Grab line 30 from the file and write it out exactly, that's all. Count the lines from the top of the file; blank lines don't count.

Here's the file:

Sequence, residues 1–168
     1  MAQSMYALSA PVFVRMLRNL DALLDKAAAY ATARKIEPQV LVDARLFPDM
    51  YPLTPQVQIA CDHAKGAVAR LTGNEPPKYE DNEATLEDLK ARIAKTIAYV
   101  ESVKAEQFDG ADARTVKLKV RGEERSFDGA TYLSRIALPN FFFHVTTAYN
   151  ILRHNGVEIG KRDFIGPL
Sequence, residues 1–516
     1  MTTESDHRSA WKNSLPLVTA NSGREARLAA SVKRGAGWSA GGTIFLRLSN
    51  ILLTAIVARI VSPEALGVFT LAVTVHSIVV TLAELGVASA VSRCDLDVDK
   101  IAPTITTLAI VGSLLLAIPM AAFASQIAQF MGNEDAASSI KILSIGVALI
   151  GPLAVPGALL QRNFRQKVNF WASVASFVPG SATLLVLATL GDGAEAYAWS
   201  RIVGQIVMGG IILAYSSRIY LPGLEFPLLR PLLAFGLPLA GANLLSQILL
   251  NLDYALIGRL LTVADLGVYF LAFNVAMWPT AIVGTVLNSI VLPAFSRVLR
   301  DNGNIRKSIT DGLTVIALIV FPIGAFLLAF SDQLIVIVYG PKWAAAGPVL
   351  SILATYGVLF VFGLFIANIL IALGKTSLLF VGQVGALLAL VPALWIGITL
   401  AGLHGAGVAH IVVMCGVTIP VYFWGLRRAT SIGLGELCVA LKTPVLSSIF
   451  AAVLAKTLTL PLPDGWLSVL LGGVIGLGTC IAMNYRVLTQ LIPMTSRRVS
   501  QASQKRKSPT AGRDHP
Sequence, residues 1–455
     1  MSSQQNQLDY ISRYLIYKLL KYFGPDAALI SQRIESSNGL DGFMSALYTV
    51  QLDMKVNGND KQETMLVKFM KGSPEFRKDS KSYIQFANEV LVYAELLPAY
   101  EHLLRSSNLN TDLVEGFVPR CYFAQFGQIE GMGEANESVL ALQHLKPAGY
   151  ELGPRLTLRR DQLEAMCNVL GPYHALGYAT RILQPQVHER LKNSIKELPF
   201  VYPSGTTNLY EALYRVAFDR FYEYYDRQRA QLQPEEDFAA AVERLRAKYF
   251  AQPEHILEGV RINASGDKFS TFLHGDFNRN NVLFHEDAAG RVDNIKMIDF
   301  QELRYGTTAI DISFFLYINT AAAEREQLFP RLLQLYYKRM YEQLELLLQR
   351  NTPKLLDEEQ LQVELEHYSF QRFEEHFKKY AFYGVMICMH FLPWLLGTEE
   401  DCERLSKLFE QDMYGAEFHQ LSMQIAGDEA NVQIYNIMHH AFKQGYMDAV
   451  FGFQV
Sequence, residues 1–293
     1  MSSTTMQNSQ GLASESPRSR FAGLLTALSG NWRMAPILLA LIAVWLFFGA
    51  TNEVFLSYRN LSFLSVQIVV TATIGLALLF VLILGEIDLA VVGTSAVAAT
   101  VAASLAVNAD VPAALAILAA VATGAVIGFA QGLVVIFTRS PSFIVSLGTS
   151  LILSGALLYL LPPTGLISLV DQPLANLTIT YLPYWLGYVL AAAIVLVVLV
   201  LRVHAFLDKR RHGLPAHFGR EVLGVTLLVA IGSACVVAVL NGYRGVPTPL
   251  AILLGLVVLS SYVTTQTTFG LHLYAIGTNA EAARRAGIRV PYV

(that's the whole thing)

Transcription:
     1  MSSTTMQNSQ GLASESPRSR FAGLLTALSG NWRMAPILLA LIAVWLFFGA